Alternative splicing provides a mechanism for increasing function diversity in eukaryotic organisms. Splice variants (isoforms) are prevalent in the human genome. In the proposed study, the amino acid sequences of isoforms of human genes are mapped onto the three-dimensional structures of homologous proteins that share the same fold. The inferred structural modifications fall into at least six classes. Targets are selected for structural studies on the basis of functional effect of the alternative splicing, involvement of alternative splicing in disease, and the role of structure in mediating alternative function. We will determine the structures of at least 50 isoforms in the course of five years. The goal of the protein production component of the project is to supply sufficient amounts of highly purified protein samples for structural studies. For cases where the functions of the isoforms are still unknown, we will also supply clones and pure proteins to collaborators who will investigate their biological and biochemical functions. Because of the attrition when proceeding from genes to structures, work will be initiated on several hundreds of proteins. To achieve this goal, we will obtain cDNAs either from outside sources or by gene synthesis. To address the challenges associated with producing large amounts of soluble human proteins, we will develop and implement a flexible cloning system for exploring multiple expression vectors. The system is based on the high throughput cloning and expression platform developed during the current Program Project. We will vary the domain boundaries of the targeted genes, test for soluble protein expression, and engineer alternate splice versions. We will further expand the system to utilize fusion proteins, to explore in vitro folding from bacterial inclusion bodies, and to express soluble protein in eukaryotic systems. Soluble proteins will be purified by the most efficient protocols identified.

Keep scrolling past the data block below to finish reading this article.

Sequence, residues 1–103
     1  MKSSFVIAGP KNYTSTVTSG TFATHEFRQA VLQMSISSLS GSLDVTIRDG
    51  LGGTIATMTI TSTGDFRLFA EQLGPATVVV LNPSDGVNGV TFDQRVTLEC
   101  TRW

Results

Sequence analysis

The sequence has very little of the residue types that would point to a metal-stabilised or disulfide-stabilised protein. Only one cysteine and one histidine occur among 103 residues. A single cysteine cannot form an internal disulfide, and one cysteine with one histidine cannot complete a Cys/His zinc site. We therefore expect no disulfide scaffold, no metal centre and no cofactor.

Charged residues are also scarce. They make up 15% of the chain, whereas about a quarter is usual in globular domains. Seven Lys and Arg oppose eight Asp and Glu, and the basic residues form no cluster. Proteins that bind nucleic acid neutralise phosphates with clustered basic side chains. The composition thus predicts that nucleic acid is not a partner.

Agency
National Institute of Health (NIH)
Institute
National Institute of General Medical Sciences (NIGMS)
Type
Research Program Projects (P01)
Project #
5P01GM057890-09
Application #
7553215
Study Section
Special Emphasis Panel (ZRG1)
Project Start
Project End
Budget Start
2006-08-01
Budget End
2007-07-31
Support Year
9
Fiscal Year
2006
Total Cost
$363,762
Indirect Cost
Name
University of MD Biotechnology Institute
Department
Type
DUNS #
603819210
City
Baltimore
State
MD
Country
United States
Zip Code
21202
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Chen, Chen; Gorlatova, Natalia; Kelman, Zvi et al. (2011) Structures of p63 DNA binding domain in complexes with half-site and with spacer-containing full response elements. Proc Natl Acad Sci U S A 108:6456-61
Lim, Kap; Pullalarevu, Sadhana; Surabian, Karen Talin et al. (2010) Structural basis for the mechanism and substrate specificity of glycocyamine kinase, a phosphagen kinase family member. Biochemistry 49:2031-41
Chen, Chen; Sun, Qihong; Narayanan, Buvaneswari et al. (2010) Structure of oxalacetate acetylhydrolase, a virulence factor of the chestnut blight fungus. J Biol Chem 285:26685-96
Melamud, Eugene; Moult, John (2009) Stochastic noise in splicing machinery. Nucleic Acids Res 37:4873-86
Melamud, Eugene; Moult, John (2009) Structural implication of splicing stochastics. Nucleic Acids Res 37:4862-72
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Chao, Kinlin L; Lim, Kap; Lehmann, Christopher et al. (2008) The Escherichia coli YdcF binds S-adenosyl-L-methionine and adopts an alpha/beta-fold characteristic of nucleotide-utilizing enzymes. Proteins 72:506-9
Zhuang, Zhihao; Song, Feng; Zhao, Hong et al. (2008) Divergence of function in the hot dog fold enzyme superfamily: the bacterial thioesterase YciA. Biochemistry 47:2789-96
Sari, Nese; He, Yanan; Doseeva, Victoria et al. (2007) Solution structure of HI1506, a novel two-domain protein from Haemophilus influenzae. Protein Sci 16:977-82

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